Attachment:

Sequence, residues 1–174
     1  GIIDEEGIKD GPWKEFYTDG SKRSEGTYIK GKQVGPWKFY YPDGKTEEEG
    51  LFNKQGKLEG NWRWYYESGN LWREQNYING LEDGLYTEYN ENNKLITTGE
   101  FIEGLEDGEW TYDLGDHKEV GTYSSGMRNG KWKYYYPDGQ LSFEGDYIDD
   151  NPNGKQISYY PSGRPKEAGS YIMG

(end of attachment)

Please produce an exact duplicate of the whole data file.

Sequence, residues 1–174
     1  GIIDEEGIKD GPWKEFYTDG SKRSEGTYIK GKQVGPWKFY YPDGKTEEEG
    51  LFNKQGKLEG NWRWYYESGN LWREQNYING LEDGLYTEYN ENNKLITTGE
   101  FIEGLEDGEW TYDLGDHKEV GTYSSGMRNG KWKYYYPDGQ LSFEGDYIDD
   151  NPNGKQISYY PSGRPKEAGS YIMG